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Cancer Res. 2007 Dec 1;67(23):11234-43.

Neuroblastoma cells isolated from bone marrow metastases contain a naturally enriched tumor-initiating cell.

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Cell Biology Program, Hospital for Sick Children, University of Toronto, Toronto, Ontario, Canada.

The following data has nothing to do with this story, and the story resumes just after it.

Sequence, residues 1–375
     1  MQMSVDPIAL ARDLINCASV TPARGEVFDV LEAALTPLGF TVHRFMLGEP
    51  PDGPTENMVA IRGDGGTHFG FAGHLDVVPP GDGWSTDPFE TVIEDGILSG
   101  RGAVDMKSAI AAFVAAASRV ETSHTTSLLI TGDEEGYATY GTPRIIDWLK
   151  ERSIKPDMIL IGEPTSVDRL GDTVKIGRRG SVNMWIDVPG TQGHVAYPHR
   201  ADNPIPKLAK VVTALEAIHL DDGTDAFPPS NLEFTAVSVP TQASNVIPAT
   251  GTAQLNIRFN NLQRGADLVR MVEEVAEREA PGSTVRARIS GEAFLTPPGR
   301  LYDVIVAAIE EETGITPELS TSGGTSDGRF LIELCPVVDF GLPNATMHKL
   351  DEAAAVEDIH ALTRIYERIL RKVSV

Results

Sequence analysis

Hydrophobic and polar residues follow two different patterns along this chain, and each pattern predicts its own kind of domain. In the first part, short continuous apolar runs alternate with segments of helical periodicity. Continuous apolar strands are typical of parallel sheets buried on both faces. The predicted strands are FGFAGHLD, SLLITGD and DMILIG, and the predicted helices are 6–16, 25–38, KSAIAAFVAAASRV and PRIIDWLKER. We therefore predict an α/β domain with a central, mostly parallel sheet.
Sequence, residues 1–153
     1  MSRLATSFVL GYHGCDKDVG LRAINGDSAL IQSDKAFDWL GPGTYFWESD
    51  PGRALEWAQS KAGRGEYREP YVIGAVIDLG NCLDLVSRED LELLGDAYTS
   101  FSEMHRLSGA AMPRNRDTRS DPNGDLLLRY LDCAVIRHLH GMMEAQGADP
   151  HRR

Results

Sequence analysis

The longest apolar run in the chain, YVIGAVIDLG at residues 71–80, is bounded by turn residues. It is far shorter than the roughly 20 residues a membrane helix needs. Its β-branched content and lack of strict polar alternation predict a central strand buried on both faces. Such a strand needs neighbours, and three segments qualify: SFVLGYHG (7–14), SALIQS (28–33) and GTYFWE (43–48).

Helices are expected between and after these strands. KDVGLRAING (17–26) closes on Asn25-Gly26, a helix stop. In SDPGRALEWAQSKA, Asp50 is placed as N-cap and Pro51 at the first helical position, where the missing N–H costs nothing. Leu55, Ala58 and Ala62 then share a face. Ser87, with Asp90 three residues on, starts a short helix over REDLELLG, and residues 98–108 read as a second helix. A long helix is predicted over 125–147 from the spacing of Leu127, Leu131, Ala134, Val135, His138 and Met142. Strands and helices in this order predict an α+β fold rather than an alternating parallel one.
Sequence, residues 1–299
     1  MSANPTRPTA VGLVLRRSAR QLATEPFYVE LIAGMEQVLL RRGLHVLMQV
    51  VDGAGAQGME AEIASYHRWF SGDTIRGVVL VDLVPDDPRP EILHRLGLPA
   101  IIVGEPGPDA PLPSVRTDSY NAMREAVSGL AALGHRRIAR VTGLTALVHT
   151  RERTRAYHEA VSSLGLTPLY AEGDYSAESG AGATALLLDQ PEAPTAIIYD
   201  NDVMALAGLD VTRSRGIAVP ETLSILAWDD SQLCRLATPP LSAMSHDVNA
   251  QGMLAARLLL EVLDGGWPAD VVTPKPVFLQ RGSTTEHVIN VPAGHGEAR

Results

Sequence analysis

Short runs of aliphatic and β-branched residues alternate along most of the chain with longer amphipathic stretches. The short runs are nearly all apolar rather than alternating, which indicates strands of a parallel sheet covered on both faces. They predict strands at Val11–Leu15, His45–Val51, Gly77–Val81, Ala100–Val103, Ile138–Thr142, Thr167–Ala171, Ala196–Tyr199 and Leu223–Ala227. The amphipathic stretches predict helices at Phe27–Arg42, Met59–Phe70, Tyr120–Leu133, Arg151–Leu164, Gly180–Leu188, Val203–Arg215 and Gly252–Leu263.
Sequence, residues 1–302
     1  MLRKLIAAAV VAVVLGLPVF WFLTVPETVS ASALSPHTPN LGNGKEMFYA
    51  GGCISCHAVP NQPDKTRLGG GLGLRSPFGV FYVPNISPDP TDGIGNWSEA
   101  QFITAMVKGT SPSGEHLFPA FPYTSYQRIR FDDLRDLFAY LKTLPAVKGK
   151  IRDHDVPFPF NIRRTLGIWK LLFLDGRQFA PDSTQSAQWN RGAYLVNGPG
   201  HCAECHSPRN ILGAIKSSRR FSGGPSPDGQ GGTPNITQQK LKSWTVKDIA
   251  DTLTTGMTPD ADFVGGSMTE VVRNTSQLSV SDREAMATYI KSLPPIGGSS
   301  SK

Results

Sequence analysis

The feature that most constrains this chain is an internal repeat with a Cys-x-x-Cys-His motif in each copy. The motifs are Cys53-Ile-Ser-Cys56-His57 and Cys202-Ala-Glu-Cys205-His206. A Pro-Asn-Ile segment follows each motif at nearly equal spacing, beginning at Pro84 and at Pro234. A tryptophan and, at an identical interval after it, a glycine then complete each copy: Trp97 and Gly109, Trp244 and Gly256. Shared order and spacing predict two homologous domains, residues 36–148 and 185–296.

Neuroblastoma is a heterogeneous pediatric tumor thought to arise from the embryonic neural crest. Identification of the cell responsible for propagating neuroblastomas is essential to understanding this often recurrent, rapidly progressing disease. We have isolated and characterized putative tumor-initiating cells from 16 tumors and bone marrow metastases from patients in all neuroblastoma risk groups. Dissociated cells from tumors or bone marrow grew as spheres in conditions used to culture neural crest stem cells, were capable of self-renewal, and exhibited chromosomal aberrations typical of neuroblastoma. Primary spheres from all tumor risk groups differentiated under neurogenic conditions to form neurons. Tumor spheres from low-risk tumors frequently formed large neuronal networks, whereas those from high-risk tumors rarely did. As few as 10 passaged tumor sphere cells from aggressive neuroblastoma injected orthotopically into severe combined immunodeficient/Beige mice formed large neuroblastoma tumors that metastasized to liver, spleen, contralateral adrenal and kidney, and lung. Furthermore, highly tumorigenic tumor spheres were isolated from the bone marrow of patients in clinical remission, suggesting that this population of cells may predict clinical behavior and serve as a biomarker for minimal residual disease in high-risk patients. Our data indicate that high-risk neuroblastoma contains a cell with cancer stem cell properties that is enriched in tumor-initiating capacity. These cells may serve as a model system to identify the molecular determinants of neuroblastoma and to develop new therapeutic strategies for this tumor.

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